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Primary ciliary dyskinesia 7(CILD7)

MedGen UID:
394834
Concept ID:
C2678473
Disease or Syndrome
Synonyms: CILIARY DYSKINESIA, PRIMARY, 7, WITH OR WITHOUT SITUS INVERSUS; Primary Ciliary Dyskinesia 7: DNAH11-Related Primary Ciliary Dyskinesia
 
Gene (location): DNAH11 (7p15.3)
 
Monarch Initiative: MONDO:0012748
OMIM®: 611884

Definition

Primary ciliary dyskinesia is an autosomal recessive disorder resulting from loss of normal ciliary function. Kartagener (pronounced KART-agayner) syndrome is characterized by the combination of primary ciliary dyskinesia and situs inversus, and occurs in approximately half of patients with ciliary dyskinesia. Since normal nodal ciliary movement in the embryo is required for normal visceral asymmetry, absence of normal ciliary movement results in a lack of definitive patterning; thus, random chance alone appears to determine whether the viscera take up the normal or reversed left-right position during embryogenesis. This explains why approximately 50% of patients, even within the same family, have situs inversus (Afzelius, 1976; El Zein et al., 2003). For a general phenotypic description and a discussion of genetic heterogeneity of primary ciliary dyskinesia and the Kartagener syndrome, see CILD1 (244400). [from OMIM]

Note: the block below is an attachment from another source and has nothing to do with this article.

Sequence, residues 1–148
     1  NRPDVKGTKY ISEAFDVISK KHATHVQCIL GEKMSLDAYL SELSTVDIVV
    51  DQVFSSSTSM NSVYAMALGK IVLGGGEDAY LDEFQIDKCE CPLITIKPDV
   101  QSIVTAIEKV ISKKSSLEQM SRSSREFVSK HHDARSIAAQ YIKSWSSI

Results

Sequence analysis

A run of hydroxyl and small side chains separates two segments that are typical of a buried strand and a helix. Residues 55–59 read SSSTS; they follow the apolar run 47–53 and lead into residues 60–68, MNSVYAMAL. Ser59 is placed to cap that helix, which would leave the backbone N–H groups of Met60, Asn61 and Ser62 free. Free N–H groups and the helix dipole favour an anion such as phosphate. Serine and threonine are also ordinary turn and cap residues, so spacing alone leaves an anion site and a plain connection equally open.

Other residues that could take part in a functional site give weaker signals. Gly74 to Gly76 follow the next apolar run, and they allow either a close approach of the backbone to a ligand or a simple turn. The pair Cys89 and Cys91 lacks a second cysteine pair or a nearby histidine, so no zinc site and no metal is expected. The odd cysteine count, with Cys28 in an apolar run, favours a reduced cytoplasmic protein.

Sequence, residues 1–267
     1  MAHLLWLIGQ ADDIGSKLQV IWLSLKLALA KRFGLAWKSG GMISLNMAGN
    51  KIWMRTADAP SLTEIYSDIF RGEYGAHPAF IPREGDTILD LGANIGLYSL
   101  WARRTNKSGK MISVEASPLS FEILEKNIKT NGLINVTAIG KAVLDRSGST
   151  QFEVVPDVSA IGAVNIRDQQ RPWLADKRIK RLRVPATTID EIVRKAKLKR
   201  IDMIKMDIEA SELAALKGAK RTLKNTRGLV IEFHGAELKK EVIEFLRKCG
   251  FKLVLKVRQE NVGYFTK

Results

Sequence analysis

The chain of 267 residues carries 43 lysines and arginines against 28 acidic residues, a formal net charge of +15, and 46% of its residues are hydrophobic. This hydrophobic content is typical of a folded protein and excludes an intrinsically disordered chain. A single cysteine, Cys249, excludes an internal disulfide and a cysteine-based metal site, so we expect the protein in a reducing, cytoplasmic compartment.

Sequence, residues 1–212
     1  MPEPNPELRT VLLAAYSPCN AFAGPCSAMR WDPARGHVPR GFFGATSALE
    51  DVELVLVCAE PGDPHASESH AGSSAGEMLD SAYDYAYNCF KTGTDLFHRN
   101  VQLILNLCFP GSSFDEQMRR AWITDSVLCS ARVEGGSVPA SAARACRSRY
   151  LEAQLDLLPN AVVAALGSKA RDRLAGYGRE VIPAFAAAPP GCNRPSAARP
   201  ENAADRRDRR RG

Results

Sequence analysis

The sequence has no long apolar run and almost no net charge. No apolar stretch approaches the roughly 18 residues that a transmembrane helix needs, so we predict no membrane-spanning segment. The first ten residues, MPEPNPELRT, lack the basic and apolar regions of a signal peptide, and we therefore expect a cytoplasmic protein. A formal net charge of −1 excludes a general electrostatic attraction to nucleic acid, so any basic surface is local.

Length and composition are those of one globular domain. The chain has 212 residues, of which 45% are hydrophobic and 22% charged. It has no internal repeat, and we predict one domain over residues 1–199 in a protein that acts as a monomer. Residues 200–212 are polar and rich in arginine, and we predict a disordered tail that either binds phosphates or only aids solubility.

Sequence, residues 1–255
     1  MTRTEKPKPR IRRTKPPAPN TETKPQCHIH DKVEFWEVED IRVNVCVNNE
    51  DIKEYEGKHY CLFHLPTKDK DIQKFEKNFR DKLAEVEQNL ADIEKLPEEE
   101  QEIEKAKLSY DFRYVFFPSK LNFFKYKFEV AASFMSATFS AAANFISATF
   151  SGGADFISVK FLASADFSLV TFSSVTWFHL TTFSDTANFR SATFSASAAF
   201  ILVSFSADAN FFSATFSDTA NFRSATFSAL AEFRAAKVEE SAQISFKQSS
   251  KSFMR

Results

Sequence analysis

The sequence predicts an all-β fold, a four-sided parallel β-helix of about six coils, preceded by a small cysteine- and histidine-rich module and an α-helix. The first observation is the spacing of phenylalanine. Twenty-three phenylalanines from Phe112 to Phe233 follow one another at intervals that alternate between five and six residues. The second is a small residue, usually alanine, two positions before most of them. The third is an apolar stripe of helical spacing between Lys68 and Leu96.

Additional description

From MedlinePlus Genetics
Rarely, individuals with primary ciliary dyskinesia have an accumulation of fluid in the brain (hydrocephalus), likely due to abnormal cilia in the brain.

Another feature of primary ciliary dyskinesia is recurrent ear infections (otitis media), especially in young children. Otitis media can lead to permanent hearing loss if untreated. The ear infections are likely related to abnormal cilia within the inner ear.

Primary ciliary dyskinesia can also lead to infertility. Vigorous movements of the flagella are necessary to propel the sperm cells forward to the female egg cell. Because their sperm do not move properly, males with primary ciliary dyskinesia are usually unable to father children. Infertility occurs in some affected females and is likely due to abnormal cilia in the fallopian tubes.

Approximately 12 percent of people with primary ciliary dyskinesia have a condition known as heterotaxy syndrome or situs ambiguus, which is characterized by abnormalities of the heart, liver, intestines, or spleen. These organs may be structurally abnormal or improperly positioned. In addition, affected individuals may lack a spleen (asplenia) or have multiple spleens (polysplenia). Heterotaxy syndrome results from problems establishing the left and right sides of the body during embryonic development. The severity of heterotaxy varies widely among affected individuals.